Do protected areas reduce blue carbon emissions? A quasi-experimental evaluation of mangroves in Indonesia

Marine and Coastal Mangroves

Study Number



Daniela A. Miteva, Brian C. Murray, Subhrendu K. Pattanayak


Mangroves provide multiple ecosystem services such as blue carbon sequestration, storm protection, and unique habitat for species. Despite these services, mangroves are being lost at rapid rates around the world. Using the best available biophysical and socio-economic data, we present the first rigorous large-scale evaluation of the effectiveness of protected areas (PAs) at conserving mangroves and reducing blue carbon emissions. We focus on Indonesia as it has the largest absolute area of mangroves (about 22.6% of the world’s mangroves), is one of the most diverse in terms of mangrove species and has been losing its mangroves at a very fast rate. Specifically, we apply quasi-experimental techniques (combining propensity score and covariate matching, differences-indifferences, and post-matching bias adjustments) to assess whether PAs prevented mangrove loss between 2000 and 2010. Our results show that marine protected areas reduced mangrove loss by about 14,000 ha and avoided blue carbon emissions of approximately 13 million metric tons (CO2 equivalent). However, we find no evidence that species management PAs stalled the loss of mangroves. We conclude by providing illustrative estimates of the blue carbon benefits of establishing PAs, which can be cost-effective policies for mitigating climate change and biodiversity loss.

Main Results and Conclusions

  • Marine Protected Areas (MPAs): “include biosphere reserves and national parks (IUCN categories Ia, Ib, and II) and targets strict protection.” (128)
  • Species Management Protected Areas (SPAs): “managed for specific species and habitats (IUCN category IV), and allow some types of resource extraction.” (128)
  • Differences of protected areas (PAs) versus control villages
  • “compared to control villages, PA villages are poorer, less suitable for agriculture, on steeper slopes, with fewer navigable rivers, have higher population density, and have more mangroves in 2000.” (132)
  • “PAs have a moderately statistically significant effect on reducing mangrove loss rates — on average, 10% reduction in mangrove loss from 2000 to 2006.” (132)
  • MPAs are effective at preventing losses of mangroves, reducing mangrove loss by approximately 14,000 hectares. SPAs, on the other hand, are not effective. It is likely that this difference is due to the strict requirements of MPAs and the fact that SPAs only apply to specific species. SPAs also cannot generate revenue through tourism to the same extent that MPAs can.
    •  “[marine PAs] reduced mangrove loss by 13% from 2000 to 2006. In contrast, [species management PAs] did not have a statistically significant effect on mangrove outcomes.” (132)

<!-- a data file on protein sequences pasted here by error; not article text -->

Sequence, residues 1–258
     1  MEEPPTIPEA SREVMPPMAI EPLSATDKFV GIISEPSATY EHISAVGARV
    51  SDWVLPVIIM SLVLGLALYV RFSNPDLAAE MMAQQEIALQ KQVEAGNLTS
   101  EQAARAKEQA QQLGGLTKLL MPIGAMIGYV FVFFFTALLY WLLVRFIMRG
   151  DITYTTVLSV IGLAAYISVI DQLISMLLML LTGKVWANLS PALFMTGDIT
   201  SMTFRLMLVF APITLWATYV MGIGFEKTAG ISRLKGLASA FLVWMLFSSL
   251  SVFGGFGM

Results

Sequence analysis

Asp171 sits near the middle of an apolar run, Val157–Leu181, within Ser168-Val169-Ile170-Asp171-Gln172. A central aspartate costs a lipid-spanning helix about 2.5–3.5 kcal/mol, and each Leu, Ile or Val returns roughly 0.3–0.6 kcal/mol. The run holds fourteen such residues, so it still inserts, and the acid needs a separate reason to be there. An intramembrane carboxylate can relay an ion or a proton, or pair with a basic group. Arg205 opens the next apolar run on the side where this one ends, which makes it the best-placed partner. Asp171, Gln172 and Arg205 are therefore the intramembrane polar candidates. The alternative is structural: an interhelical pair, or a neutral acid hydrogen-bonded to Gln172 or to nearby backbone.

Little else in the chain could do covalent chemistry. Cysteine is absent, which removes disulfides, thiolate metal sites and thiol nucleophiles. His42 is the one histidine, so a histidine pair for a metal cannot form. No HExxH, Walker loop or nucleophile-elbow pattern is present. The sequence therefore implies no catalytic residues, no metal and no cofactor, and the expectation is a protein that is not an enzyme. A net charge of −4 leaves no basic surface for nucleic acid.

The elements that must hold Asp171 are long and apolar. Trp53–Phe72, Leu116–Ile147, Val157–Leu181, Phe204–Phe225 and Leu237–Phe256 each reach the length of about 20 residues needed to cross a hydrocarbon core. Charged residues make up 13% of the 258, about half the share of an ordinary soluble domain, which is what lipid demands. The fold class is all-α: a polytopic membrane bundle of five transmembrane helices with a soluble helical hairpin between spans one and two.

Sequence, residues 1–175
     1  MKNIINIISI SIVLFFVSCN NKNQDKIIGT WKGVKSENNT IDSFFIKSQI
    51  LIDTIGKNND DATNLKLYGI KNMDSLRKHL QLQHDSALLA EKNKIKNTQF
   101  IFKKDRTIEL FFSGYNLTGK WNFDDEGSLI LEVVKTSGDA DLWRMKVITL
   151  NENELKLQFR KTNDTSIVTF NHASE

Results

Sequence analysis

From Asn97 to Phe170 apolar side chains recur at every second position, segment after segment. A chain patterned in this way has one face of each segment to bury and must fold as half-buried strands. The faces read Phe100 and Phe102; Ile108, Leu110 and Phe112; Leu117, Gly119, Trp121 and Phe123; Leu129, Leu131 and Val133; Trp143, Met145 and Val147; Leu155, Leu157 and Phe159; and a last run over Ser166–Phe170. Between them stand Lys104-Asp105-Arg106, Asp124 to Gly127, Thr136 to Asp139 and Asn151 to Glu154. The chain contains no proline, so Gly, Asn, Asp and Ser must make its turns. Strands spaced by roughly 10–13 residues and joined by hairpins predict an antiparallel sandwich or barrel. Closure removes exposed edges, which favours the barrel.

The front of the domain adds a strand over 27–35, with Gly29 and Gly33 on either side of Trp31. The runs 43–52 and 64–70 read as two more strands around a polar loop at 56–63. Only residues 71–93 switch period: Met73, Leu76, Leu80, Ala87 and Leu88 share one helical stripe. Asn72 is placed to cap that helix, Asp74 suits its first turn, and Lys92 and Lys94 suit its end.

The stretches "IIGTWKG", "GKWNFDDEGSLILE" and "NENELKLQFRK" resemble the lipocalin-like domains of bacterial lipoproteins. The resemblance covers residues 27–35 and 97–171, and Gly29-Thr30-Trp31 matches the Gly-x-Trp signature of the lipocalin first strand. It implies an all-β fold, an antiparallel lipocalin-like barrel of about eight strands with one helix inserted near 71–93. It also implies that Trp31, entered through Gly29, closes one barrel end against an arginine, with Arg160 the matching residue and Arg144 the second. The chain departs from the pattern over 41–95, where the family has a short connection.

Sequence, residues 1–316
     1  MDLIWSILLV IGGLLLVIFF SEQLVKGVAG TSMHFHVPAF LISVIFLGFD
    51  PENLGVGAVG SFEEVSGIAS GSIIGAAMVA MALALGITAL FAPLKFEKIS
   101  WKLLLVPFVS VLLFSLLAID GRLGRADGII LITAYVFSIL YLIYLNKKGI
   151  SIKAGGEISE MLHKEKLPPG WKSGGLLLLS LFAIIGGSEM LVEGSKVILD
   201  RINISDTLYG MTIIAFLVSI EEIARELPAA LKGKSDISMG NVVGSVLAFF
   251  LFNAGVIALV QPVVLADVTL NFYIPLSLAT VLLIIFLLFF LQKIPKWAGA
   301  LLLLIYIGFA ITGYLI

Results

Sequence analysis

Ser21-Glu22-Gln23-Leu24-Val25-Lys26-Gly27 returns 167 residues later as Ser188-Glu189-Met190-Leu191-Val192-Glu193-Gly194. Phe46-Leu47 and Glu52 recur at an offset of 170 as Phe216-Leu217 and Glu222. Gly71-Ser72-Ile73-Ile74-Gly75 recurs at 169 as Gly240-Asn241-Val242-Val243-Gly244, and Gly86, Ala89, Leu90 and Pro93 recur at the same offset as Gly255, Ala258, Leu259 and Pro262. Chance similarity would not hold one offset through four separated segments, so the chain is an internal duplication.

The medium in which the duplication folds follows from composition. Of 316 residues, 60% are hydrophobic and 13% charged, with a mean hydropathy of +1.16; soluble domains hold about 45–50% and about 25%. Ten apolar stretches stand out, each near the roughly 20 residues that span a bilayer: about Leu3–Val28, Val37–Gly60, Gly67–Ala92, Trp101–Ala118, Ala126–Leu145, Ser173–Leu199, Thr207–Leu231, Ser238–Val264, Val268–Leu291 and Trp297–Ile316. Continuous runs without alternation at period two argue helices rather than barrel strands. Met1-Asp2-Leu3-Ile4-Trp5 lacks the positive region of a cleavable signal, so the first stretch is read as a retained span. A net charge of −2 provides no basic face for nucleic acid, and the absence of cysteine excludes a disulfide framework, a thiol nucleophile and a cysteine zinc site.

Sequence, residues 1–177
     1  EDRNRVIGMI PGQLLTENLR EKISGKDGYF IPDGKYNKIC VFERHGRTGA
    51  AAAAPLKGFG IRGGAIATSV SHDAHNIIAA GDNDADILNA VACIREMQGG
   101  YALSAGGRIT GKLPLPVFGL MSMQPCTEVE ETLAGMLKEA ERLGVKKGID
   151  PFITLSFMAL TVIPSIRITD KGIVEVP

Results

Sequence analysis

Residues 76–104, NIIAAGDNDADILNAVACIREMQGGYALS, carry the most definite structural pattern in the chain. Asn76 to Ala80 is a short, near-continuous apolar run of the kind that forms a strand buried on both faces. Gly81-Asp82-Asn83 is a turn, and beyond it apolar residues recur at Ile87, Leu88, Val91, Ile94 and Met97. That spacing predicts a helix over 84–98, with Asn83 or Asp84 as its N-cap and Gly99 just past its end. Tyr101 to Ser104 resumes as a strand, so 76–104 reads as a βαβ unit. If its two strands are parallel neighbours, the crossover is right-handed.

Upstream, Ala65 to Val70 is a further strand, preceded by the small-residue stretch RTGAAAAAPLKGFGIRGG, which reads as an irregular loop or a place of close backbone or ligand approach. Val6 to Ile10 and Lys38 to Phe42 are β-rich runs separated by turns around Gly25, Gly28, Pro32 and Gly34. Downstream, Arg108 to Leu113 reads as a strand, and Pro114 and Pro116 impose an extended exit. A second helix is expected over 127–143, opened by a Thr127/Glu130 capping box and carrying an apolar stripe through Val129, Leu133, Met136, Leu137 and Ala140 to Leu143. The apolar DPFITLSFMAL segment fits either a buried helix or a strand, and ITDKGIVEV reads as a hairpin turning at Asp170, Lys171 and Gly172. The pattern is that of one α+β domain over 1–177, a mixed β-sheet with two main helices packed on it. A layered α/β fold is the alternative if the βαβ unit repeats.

• There is no evidence that marine protected areas lead to increased extraction at other unprotected areas. Furthermore, marine protected areas for mangroves in Indonesia helped to avoid emissions of approximately 13 million metric tons of carbon.
    • “Monetizing [13 million metric tons of blue carbon] via the social cost of carbon (roughly $41/ton of CO2e base on Pendleton et al, 2012) would yield social welfare benefits of $540 million.” (134)
  • Other impacts of PAs
    • “PA establishment may displace extraction to nearby unprotected areas or to the buffer zones, a phenomenon sometimes known as spillovers, slippage or leakage (Murray, 2009). However, we did not find evidence that PAs resulted in spillovers.” (134)
    • “Vincent (2015) has posited that PA managers could be protecting key species and habitats (e.g., old growth mangroves), even though the average impacts seem small.” (134)

Works Cited

Donato, D. C., J. B. Kauffman, D. Murdiyarso, S. Kurnianto, M. Stidham, and M. Kanninen. 2011. Mangroves among the most carbon-rich forests in the tropics. Nat. Geosci. 4: 293-297.

Murray, B. C. 2009. Leakage from avoided deforestation compensation policy: Concepts, empirical evidence and corrective policy options. In: Palmer, C., Engel, S. (Eds.), Avoided Deforestation: Prospects for Mitigating Climate Change. Routhledge, Oxford, UK.

Pendleton, L., Donato, D.C., Murray, B.C., Crooks, S., Jenkins, W.A., Sifleet, S., Craft, C., Fourqurean, J.W., Kauffman, J.B., Marba, N., Megonigal, P., Pidgeon, E., Herr, D., Gordon, D., Baldera, A. (2012). Estimating global “blue carbon” emissions from conversion and degradation of vegetated coastal ecosystems. PLoS ONE 7, e43542.

Vincent, J.R. (2015). Impact evaluation of forest conservation programs: benefit-cost analysis, without the economics. Environ. Resour. Econ. 1-14. (forthcoming).